"How on Earth can you guys stand this?!"
The gentleman sitting next to me at a recent dinner out was surely annoyed. His name was Jean Pierre, he was a 71-year-old French hotelier who spent almost 50 years in hospitality industry management. He and a couple of his colleagues were having dinner with us, a small group of Russian glossy magazine editors, in Bolshoi, one of Moscow's most expensive and posh restaurants next door to the newly reopened Bolshoi Theater.
Chandeliers and Christmas decorations glittered, Tchaikovsky symphonies were being played and the crowd was all dressed up. But Monsieur Jean Pierre just couldn't possibly sit still. He'd get up every ten minutes or so, calling waiters, a manager, trying to find out why they wouldn't bring bread for 40 minutes, why the appetizers came more than an hour late, why the listed menu items weren't available, and why the cigar he had asked for never came at all.
"If I were in McDonald's, I wouldn't say a word but here you'd expect a different kind of treatment," he sputtered.
But we, the journalists, just sat there and patiently waited, feeling slightly embarrassed and sorry for our guest's struggle (this was his very first visit to Moscow). But frankly, we weren't that surprised that even a top Moscow locale seemed unsatisfactory to a savvy Westerner when it came to the service.
"Monsieur, it has been just 20 years since the Soviet Union fell, our restaurant business is still too young," I mumbled at some point, trying to justify the lousy service.
"Twenty years?! But that's a lifetime, my dear! I'd train my staff in a just a few months!" the venerable hotelier frowned to me.
Our friend Jean Pierre definitely knew what he was talking about. Royal Mansour, a grand hotel he manages in Marrakech, Morocco, where he is a general manager, ranks not only among the top in the country but one of the finest in the entire world. Celebrities stay there, heads of state and all sorts of VIPs pop in on a regular basis, and no one, as far as known, has ever complained.
Whereas in Moscow, reputed to be one of the most expensive cities in the world, the service — especially in restaurants — leaves much to be desired. I personally own a collection of the city eateries' nightmares. Curiously, it often happens that the pricier and more posh the locale, the lamer the treatment. As if the mere fact of sitting on designer chairs, eating with lavish cutlery and being welcomed at the entrance by a model hostess paid off for everything else.
Once I was going out with a group of friends, a few of them Russian, a few from Western Europe. We were in one of those typical Moscow trendy places where you'd often doubt if one came there to eat or rather to show off. We did drop by to eat — the place had just opened, and the reviews promised, beside the cool interiors, a fair quality of food. My friend Steven from Amsterdam, the Netherlands, a meat aficionado, ordered a medium-rare steak. Oddly, everyone got served, except him, who very much looked forward to have a bite after a long day at work. Halfway through our entrees, his steak finally arrived. It was... half burnt! Steven sent it back to the kitchen even though our waiter insisted the meat was just fine.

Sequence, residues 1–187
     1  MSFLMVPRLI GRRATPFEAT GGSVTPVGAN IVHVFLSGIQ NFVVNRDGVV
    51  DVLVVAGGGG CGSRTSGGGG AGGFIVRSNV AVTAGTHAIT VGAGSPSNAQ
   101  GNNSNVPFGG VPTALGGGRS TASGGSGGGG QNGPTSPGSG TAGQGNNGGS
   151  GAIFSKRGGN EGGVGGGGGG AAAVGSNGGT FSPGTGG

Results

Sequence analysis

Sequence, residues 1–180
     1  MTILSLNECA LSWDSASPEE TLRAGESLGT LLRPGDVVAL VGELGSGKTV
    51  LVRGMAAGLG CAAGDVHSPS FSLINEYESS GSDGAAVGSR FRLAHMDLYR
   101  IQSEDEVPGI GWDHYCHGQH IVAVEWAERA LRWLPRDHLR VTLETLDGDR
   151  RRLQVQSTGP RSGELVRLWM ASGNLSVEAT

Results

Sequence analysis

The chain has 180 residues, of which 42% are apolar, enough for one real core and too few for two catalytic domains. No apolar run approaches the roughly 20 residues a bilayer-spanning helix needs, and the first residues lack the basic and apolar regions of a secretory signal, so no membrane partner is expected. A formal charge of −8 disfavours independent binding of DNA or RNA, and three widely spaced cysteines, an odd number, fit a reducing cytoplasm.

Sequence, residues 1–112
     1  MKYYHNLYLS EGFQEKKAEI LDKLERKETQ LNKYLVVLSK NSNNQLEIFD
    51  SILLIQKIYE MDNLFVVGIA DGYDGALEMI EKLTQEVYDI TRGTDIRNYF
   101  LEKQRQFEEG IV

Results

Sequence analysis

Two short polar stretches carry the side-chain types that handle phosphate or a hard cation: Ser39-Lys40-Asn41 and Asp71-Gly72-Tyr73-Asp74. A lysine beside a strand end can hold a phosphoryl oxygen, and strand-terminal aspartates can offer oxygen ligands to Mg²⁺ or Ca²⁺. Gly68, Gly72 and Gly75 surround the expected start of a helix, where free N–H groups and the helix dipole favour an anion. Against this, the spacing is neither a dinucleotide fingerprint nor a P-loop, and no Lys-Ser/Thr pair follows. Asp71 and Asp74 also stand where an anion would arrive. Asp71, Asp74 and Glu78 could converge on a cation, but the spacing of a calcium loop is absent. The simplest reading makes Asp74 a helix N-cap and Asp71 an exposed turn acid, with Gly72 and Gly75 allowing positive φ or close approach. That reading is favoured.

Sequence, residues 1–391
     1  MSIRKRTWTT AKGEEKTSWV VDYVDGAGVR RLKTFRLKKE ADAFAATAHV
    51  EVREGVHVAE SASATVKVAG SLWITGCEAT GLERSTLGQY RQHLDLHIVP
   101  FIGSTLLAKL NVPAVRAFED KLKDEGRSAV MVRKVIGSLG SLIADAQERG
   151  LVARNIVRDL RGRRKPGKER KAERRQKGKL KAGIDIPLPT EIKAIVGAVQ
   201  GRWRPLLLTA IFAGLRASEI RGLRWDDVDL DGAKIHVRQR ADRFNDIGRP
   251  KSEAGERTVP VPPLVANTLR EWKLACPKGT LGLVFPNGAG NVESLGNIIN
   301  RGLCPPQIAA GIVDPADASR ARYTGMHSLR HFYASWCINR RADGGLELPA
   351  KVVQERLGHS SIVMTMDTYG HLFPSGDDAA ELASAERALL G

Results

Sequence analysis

A quarter of an hour later the response came (but no steak!) that the chef believed the dish was all right. By this time we had all eaten. Steven, starved and outraged, sent for a manager. When the guy showed up some ten minutes later my poor friend was ready to beat him up. All we got in the end was a 20% discount on the bill, but we still had to pay for the steak.
"If you don't protest, nothing will ever change in Russia," hotelier Jean Pierre said wistfully back in the Bolshoi restaurant.
As much as I wanted to defend my country, I could not help but agree. Without going into social and political issues, we Russians are way too patient and tolerant when it comes to the way we're being treated. While eating out, we sit there and meekly wait even if our order doesn't come for an hour. We say nothing if they bring us a cold meal or a wrong wine. We pay a fortune for three-week-old mozzarella, fake tom yum soups and horrible coffee. In my previous column I suggested to stop complaining and try to see the doughnut, not the hole. In fact, I've got a friend who never leaves a restaurant or a cafe without making a scandal there or at least some fuss. Nothing pleases her — the way the tables are situated, how it smells, the color of the curtains, the taste of the water, the shape of the bread, the music, you name it.
While this behavior is certainly extreme, I think we should not let things we consider unacceptable go by. Complain, protest, call the manager, ask to replace the poorly cooked dish, refuse the wine if that's not what you've asked for, etc. The service culture was indeed nonexistent during Soviet times, but it doesn't mean we should comply with inadequacy and unprofessionalism on that front now. We are the ones who pay the bill and often a substantial one after all.
The customer might not always be right, but he has a right to at least be heard.
The views expressed in this column are the author’s and may not necessarily represent those of RIA Novosti.
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Svetlana Kolchik, 33, is deputy editor-in-chief of the Russian edition of Marie Claire magazine. She holds degrees from the Moscow State University Journalism Department and Columbia University Graduate School of Journalism. She has worked for Argumenty i Fakty weekly in Moscow and USA Today in Washington, D.C., and contributed to RussiaProfile.org, Russian editions of Vogue, Forbes and other publications.